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It is now certain who will be the candi- | ment, the debt of honor must be paid, or date of the Whig Party for the next Presi we lose all consideration, and therefore all dency. GENERAL Taylor has received a force. majority of all the voices of the Conven The objections to the nomination of tion, and the spirit of our institutions, General Taylor arose out of a double miswhich rest for security in the acquiescence apprehension : first, of the political sentiof minorities, compels us, as good citizens ments of the nominee, and second, in reand good Whigs, to support the nomina- gard to his treatment of the Convention. tion.

On the first of these points, the homely Some inconsiderate persons in the North but spirited and satisfactory testimony of talk about a movement for the nomination Major Gaines, at the Whig Reception of Mr. Clay by Northern Whigs, notwith- Meeting, held June 16th, in Faneuil Hall, standing he was among the candidates of Boston, will give some idea of the confithe Convention. If these persons were dence reposed in his principles by his as careful of Mr. Clay's honor as they friends :were suspicious of Gen. Taylor's when it was falsely reported that the Gen. would “ Major Gaines then said he would recur to run whether he was nominated or not, they some of his late achievements, in which the would see that it is really a moral impos- country had opportunity to judge of the man.. sibility for him to become a candidate, as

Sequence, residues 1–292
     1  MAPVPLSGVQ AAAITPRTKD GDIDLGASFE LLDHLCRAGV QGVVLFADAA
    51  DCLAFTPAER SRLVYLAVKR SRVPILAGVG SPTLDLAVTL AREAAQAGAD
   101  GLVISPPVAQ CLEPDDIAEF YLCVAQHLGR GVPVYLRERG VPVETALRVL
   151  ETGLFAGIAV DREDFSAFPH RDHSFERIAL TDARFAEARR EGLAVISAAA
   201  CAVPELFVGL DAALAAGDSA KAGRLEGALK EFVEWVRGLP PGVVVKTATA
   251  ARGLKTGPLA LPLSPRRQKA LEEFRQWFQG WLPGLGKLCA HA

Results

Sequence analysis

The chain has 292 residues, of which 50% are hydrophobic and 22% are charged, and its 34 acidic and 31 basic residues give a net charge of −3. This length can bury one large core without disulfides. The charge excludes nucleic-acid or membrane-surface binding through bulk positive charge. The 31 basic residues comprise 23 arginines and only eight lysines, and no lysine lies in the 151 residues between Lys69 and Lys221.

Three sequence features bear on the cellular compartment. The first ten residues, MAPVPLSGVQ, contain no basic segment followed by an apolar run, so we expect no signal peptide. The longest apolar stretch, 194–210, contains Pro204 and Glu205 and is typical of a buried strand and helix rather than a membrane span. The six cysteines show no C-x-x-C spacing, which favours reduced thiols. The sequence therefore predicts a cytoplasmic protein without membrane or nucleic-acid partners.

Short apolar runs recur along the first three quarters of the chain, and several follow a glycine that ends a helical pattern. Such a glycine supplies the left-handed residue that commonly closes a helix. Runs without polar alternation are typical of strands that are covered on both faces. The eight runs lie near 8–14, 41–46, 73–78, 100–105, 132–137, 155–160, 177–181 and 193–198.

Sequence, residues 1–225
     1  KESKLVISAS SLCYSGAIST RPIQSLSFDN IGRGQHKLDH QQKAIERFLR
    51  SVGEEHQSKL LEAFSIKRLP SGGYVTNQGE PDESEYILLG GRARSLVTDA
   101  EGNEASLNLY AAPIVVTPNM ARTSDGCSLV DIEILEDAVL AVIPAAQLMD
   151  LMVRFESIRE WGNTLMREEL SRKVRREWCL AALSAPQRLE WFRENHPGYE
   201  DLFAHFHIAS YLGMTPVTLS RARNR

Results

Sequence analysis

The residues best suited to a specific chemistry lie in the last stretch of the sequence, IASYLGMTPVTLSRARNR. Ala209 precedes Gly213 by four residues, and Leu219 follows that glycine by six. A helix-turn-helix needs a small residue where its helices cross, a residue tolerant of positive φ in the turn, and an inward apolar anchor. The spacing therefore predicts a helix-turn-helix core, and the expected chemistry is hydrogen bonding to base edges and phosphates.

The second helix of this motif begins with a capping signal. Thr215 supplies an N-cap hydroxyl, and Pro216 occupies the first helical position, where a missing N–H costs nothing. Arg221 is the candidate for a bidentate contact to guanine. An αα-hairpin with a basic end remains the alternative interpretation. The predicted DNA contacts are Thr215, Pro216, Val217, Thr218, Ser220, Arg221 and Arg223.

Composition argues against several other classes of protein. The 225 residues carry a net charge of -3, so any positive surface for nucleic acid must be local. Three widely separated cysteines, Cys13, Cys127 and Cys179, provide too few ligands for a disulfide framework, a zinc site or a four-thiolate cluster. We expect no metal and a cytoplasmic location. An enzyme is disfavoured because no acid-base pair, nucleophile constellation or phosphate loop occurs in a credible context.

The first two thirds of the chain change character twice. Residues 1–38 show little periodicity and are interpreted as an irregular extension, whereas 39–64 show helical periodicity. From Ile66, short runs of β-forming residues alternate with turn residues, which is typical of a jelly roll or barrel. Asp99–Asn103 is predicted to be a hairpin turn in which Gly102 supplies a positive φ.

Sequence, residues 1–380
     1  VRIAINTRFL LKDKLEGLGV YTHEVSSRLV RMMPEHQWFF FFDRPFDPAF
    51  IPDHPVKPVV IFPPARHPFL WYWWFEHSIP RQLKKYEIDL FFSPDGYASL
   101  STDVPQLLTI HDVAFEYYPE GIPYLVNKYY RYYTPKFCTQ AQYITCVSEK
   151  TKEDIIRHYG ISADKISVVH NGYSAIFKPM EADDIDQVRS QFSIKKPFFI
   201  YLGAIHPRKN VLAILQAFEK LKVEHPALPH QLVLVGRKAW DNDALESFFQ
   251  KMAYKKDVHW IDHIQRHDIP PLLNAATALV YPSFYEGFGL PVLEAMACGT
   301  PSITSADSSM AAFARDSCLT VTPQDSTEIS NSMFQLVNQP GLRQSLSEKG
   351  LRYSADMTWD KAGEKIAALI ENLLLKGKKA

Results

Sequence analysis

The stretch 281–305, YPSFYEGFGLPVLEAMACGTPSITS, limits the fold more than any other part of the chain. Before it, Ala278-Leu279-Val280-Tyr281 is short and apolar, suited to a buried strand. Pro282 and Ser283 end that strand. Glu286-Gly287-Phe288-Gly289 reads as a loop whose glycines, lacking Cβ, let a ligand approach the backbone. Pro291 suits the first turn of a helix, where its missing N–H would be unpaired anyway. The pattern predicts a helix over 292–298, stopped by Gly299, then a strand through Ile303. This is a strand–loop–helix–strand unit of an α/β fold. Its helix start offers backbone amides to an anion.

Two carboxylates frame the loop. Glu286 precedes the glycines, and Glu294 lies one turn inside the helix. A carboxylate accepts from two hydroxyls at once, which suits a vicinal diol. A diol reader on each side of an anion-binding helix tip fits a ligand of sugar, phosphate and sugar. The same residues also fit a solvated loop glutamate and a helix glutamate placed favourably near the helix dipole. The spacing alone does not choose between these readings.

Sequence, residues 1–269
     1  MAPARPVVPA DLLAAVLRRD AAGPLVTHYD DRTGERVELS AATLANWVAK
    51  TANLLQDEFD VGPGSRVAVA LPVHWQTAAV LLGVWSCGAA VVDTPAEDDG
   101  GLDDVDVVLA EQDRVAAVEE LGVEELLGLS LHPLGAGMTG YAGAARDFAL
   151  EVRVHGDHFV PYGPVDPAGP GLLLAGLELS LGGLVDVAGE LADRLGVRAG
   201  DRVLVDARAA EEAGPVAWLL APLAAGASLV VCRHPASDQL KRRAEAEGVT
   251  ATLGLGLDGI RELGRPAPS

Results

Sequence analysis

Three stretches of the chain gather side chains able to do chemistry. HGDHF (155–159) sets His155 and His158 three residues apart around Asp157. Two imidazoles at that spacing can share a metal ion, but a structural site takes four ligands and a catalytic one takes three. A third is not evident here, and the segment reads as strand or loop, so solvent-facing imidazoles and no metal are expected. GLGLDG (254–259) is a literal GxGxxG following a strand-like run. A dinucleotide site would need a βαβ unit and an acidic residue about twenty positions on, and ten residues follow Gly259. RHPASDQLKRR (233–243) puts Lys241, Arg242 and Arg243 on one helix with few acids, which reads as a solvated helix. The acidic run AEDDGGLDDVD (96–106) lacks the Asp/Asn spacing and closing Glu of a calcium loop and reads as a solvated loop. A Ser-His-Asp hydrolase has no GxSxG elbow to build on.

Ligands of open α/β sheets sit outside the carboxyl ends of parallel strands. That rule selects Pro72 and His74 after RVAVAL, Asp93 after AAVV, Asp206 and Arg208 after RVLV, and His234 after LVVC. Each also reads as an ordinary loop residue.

He had exhibited the highest qualities of intel

lect. He never in all his life had said or done it would have been impossible for Gen,

a foolish thing. He never given a wrong Taylor had Mr. Clay been nominated. order, has never made a mistake, or a wrong None of the names that were used by the Convention, except that of the nominee, “ As to General Taylor being a Whig, why can be used by Whigs represented in the there was no mistake about it. He is a greater Convention. Party conventions are not Whig than our worthy President, notwithstandunder the laws of the land ; they are ing his boast. Why, said Major Gaines, they therefore governed by the code of honor. and, said he, General Taylor is a stronger

call me in Kentucky the Whig High Priest, The integrity and success of a party de- Whig than I.” pend on its rigid adherence to this code. Whatever be our chagrin or disappoint To the virtues and character of the